This month’s Fresh From The Oven challenge, set by Claire of Purely Food, was to make fougasse.
“Bof,” I said to myself as I planned what to eat for a pre All Blacks vs France match dinner on Saturday night. “It will be a piece of gateau!”
Claire gave us two recipes to choose from, one from model-turned-baker Lorraine Pascal, the other from French chef Richard Bertinet. I made a rosemary-scented, olive-studded homage to Lorraine’s version on Saturday afternoon, but the yeast didn’t spring into life and they turned out more like Frenchified pretzels.
The next day, less distracted by le rugby, I had another go, remembering what I’d read from Bertinet’s recipe about “showing the dough who is boss”. These ones were much better, despite some woeful dough shaping on my behalf, resulting in some rather freeform fougasse. I might have taught the dough a lesson, but it was obviously determined to teach me one right back.
This is essentially Bertinet’s recipe, though my measurements are a little different and I’ve added a soupcon (note: that’s different to a soup spoon) of olive oil to enhance their keeping qualities. Silly really, because when these come out of the oven it’s impossible not to devour them immediately.
500g strong flour
350ml lukewarm water
1 1/2 tsp dried yeast
1 1/2 tsp salt
1Tbsp olive oil
Pour the water into a mixing bowl and add the yeast. Stir to dissolve, then leave for five minutes to start frothing. Add the flour, salt and oil and mix together, then turn out onto the counter and knead. Following M. Bertinet’s instructions, I did this all by hand, but it is a very sticky dough and it would be a lot easier in a freestanding mixer (I know, I am lazy). Either way, you want the finished dough to be smooth, springy and not too sticky when you have finished kneading/mixing it. Resist the temptation to add too much extra flour. Scrape into a mixing bowl and cover with plastic. Let rest for an hour or so in a warm place.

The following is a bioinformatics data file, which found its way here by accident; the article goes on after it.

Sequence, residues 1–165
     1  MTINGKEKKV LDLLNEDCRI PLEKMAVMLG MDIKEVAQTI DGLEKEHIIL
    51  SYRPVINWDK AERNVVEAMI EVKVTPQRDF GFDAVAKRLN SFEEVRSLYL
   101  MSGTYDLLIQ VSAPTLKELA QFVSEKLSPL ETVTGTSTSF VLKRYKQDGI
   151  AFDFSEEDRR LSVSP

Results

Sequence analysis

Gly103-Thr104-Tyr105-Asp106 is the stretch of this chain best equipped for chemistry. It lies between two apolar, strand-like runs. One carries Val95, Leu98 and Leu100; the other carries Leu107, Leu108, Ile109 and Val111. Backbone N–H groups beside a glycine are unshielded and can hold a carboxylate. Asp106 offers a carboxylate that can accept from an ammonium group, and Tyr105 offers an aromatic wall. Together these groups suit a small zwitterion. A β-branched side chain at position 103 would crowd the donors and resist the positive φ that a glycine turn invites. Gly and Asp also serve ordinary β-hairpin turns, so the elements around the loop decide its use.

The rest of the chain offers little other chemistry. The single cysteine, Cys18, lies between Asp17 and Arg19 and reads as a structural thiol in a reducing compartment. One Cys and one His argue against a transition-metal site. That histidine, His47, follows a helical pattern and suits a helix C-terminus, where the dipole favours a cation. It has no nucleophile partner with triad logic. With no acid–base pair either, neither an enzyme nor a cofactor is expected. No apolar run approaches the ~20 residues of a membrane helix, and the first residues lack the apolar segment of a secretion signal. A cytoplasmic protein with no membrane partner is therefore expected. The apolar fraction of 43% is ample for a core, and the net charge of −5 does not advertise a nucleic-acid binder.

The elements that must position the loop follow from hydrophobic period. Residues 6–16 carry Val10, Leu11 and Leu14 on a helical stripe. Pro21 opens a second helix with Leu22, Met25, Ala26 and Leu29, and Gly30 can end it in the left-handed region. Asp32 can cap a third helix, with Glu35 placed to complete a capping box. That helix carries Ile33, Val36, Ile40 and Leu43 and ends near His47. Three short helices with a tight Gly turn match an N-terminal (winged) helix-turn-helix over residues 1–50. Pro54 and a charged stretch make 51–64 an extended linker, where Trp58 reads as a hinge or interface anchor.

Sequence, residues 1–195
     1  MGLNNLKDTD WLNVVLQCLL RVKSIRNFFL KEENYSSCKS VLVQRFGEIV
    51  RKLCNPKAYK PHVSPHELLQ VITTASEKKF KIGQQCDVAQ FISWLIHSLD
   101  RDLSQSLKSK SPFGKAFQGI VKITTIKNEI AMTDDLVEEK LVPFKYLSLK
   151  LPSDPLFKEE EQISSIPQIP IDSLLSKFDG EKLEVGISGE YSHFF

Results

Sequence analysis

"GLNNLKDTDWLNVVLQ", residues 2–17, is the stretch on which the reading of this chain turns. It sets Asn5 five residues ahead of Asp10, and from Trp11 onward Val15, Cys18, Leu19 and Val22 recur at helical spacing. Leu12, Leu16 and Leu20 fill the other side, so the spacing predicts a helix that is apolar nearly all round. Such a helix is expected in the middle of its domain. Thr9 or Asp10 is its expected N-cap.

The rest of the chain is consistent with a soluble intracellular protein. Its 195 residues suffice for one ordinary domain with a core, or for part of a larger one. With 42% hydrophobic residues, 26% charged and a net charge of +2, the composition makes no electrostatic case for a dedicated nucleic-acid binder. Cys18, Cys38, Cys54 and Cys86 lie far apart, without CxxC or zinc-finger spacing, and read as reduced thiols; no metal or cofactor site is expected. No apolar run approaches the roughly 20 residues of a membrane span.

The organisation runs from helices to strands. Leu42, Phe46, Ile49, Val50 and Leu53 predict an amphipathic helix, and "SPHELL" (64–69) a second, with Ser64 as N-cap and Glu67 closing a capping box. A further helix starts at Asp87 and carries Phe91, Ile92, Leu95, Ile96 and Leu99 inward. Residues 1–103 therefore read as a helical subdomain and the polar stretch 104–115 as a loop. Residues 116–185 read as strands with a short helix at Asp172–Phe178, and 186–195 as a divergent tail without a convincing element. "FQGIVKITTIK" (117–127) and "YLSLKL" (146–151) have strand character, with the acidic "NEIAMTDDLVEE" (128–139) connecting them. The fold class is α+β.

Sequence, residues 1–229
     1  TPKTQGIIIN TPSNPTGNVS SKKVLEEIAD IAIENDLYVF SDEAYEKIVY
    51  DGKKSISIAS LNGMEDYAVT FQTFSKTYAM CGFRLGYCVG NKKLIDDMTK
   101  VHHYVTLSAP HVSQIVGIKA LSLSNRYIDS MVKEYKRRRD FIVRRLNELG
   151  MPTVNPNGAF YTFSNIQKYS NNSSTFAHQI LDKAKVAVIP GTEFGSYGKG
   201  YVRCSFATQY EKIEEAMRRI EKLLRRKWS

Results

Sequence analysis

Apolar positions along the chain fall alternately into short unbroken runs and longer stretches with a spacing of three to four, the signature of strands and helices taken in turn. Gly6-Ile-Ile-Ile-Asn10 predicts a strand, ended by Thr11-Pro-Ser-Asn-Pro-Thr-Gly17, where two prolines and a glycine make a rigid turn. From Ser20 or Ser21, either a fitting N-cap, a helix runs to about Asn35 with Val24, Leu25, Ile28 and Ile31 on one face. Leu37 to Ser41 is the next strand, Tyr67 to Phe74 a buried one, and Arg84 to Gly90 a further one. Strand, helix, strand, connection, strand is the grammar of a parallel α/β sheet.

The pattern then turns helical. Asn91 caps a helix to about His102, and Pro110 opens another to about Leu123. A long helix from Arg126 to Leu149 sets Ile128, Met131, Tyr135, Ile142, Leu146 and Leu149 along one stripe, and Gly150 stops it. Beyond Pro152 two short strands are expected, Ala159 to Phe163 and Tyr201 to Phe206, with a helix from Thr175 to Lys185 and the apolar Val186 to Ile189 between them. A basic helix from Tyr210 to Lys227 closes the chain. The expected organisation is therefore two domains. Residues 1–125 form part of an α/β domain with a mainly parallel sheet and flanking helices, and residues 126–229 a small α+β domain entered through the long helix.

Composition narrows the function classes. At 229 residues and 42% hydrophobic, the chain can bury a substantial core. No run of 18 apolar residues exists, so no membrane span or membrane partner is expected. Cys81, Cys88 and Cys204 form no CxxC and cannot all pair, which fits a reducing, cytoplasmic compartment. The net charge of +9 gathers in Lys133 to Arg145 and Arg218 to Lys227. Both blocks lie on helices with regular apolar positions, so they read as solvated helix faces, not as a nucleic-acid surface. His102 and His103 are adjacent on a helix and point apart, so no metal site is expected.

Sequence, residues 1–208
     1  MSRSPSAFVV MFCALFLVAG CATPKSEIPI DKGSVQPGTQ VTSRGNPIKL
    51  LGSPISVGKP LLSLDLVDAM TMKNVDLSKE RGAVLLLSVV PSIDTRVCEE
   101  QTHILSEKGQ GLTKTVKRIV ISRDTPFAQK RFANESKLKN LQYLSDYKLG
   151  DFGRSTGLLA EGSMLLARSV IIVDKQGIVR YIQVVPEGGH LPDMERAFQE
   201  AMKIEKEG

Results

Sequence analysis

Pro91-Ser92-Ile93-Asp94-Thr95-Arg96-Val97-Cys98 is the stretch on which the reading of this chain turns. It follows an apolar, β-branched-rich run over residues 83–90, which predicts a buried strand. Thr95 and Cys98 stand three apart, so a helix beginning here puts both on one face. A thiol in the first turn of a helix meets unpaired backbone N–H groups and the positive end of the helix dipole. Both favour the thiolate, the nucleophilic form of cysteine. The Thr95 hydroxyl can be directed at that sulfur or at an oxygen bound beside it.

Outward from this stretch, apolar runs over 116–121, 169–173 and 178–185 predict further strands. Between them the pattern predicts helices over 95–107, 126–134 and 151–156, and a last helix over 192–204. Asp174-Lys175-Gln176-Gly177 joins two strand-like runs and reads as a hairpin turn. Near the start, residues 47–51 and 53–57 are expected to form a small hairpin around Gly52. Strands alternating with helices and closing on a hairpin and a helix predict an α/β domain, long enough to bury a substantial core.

At this point, turn your oven to its highest temperature and put in an oven tray.
Gently tip the risen dough out onto a floured surface, then dust generously with flour and cover again with a teatowel and let rest for five minutes.
Slice the dough in half with a very sharp knife or plastic scraper, then cut each piece again into three triangles. You’re aiming for a fern shape – whether you get there or not is another matter.
Slash cuts into each piece of dough – I used a pair of kitchen scissors – and gently open the cuts up with your fingers. Flour a large sheet of baking paper and place the slashed dough on top. Gently press olives or any other toppings into the dough.
Take the hot baking tray out of the oven (remember it’s hot!) and slide the dough and paper on top. Put in the oven and then splash in a little cold water on the walls (of the oven, not your kitchen) to create steam. Bake for 10-15 minutes, until golden.